Jessica Beebe, (center, singing) was a soloist for the performance by Choral Arts Philadelphia of Claudio Monteverdi’s “Vespers of the Blessed Virgin” of 1610, which was performed at St. Clement’s Episcopal (Anglo-Catholic) Church, Philadelphia, under the direction of Matthew Glandorf Sunday afternoon, December 31st.

by Michael Caruso

Under the baton of its artistic director and conductor Matthew Glandorf, Choral Arts Philadelphia and the Bach Festival rounded out the old year and welcomed in the new with a performance of Claudio Monteverdi’s groundbreaking “Vespro della Beata Vergine” (Vespers of the Blessed Virgin) of 1610. The concert, which took place Sunday afternoon, Dec, 31, in St. Clement’s Episcopal (Anglo-Catholic) Church in center city, drew an audience that packed its pews, numbering at least 500. Not even sub-freezing temperatures kept these music-lovers away.

“Vespers” is the name given the late afternoon liturgy of the hours regularly celebrated at cathedrals and monasteries throughout Europe prior to the Protestant Reformation. It continued being marked in those portions of the continent that remained Roman Catholic. The liturgy celebrated specifically for Mary, the Mother of Jesus, included the reading of six Psalms, two excerpts from the Song of Solomon, the traditional hymn “Ave maris stella” (Hail, star of the sea), and the “Magnificat” as found in the first chapter of the Gospel of St. Luke in the New Testament.

Anglicans the world over, including Episcopalians in the United States, know the “Magnificat” as the first major musical piece in Choral Evensong. The second half of that pair, the “Nunc Dimittis,” is found in the evening liturgy of the hours known as “Compline.” The two Roman Catholic offices of the Sarum Rite in England were first combined to form Evensong in the Church of England’s 1549 Book of Common Prayer, written by Thomas Cranmer, the first Protestant Archbishop of Canterbury.

Monteverdi composed his 1610 musical setting of Vespers as an “audition piece” for the post of music director at the Cathedral Basilica of San Marco in Venice. Designed in the Byzantine style of Constantinople, the seat of the Eastern Roman Empire, which stood until 1453, St. Mark’s is a replica of the Church of the Holy Apostles in Constantinople, now called Istanbul in Turkey. The church was destroyed in 1205 when the armies of the Fourth Crusade sacked the city in response to their having failed to recapture Jerusalem from the Turks, even though the Byzantines were their allies.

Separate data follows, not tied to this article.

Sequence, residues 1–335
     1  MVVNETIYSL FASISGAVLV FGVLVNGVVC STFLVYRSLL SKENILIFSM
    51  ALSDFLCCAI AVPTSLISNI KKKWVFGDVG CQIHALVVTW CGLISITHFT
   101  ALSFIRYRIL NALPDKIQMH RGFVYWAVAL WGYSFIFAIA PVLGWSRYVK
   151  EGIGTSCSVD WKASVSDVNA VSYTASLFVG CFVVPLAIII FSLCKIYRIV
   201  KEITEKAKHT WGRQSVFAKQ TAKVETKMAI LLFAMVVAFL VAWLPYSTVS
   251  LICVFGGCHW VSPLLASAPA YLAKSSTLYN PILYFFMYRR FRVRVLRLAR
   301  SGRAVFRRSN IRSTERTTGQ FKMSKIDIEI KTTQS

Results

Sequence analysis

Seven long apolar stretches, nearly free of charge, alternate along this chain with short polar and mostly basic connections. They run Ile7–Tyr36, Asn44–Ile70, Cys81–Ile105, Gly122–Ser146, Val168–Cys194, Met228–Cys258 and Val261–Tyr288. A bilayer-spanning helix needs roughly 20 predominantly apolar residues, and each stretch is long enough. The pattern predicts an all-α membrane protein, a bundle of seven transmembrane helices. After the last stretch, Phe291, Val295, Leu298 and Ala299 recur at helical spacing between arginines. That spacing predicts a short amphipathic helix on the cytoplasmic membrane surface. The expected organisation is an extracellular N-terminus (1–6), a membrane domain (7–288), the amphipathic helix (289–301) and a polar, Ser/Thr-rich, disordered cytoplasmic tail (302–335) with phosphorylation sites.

The most important architectural aspect of the Basilica that pertains to music was the placement of antiphonal choirs in balconies situated on either side of the central aisle leading to the high altar within the sanctuary. As a result of this stylistic distinction, composers who worked at St. Mark’s, both choral and instrumental, regularly wrote works that employed imitative dialogues between the two choirs or echo effects within them. The “Vespers of 1610” offers these characteristics, as did the brass music similarly written for St. Mark’s by Andrea Gabrieli and his nephew, Giovanni.

Standing at the crossroads of the culmination of the Renaissance and the inauguration of the Baroque, Monteverdi occupies a unique place in music history. Listening to the “Vespers of 1610,” one hears the end of the polyphonic modal harmonies that reigned supreme from late in the Middle Ages through the 16th century careers of Giovanni da Palestrina and Tomas di Victoria.

One also hears the beginnings of the major/minor tonality that solidified under Vivaldi, Handel and Bach. Monteverdi employed a simpler style of text setting than had either Palestrina or Victoria. Many of the words were set syllabically. Interestingly, Bach’s choral music often seems to skip backward over Monteverdi to recall the polyphony of both of his Italian and Spanish predecessors.

Although St. Clement’s Church is a far cry from the size and scope of St. Mark’s Basilica, it does boast a touch of the visual splendor and the acoustical generosity of the Venetian Cathedral. Its Victorian Romanesque opulence and balanced resonance proved the perfect “look” and “sound” for Sunday afternoon’s concert.

Aided by nine vocal soloists (including soprano Rebecca Myers Hoke, who formerly lived in Chestnut Hill), the strings and continuo of the Philadelphia Bach Collegium and the brass players of the Dark Horse Consort, Glandorf and Choral Arts Philadelphia gave the Monteverdi a stellar performance. He set crisp yet unhurried tempi, established and maintained clear textures from both his choristers and instrumentalists, and gave his vocal soloists ample space to project interpretations that were stylistic and expressive.

Most notable of these were sopranos Hoke and Jessica Beebe (recently heard in Chestnut Hill with Piffaro) and tenors Michael Jones, James Reese and Nikolas Karageorgiou. Their singing was infused with intensely felt and expertly delineated word painting. Every now and then, overall ensemble and balance were a touch off, but Glandorf’s astute ear immediately righted the rare imbalance.


Matthew Glandorf will bring Choral Arts Philadelphia and the Philadelphia Bach Collegium to Chestnut Hill Friday, March 23, at 7 p.m. to celebrate the memory and legacy of Michael Korn, 1947-1991. Korn founded the Philadelphia Singers in 1972 and the Bach Festival of Philadelphia in 1976 at St. Paul’s Episcopal Church, where the concert will take place. Korn also helped found Chorus America in 1977. The concert will feature music by Bach and Mendelssohn. For more information, visit

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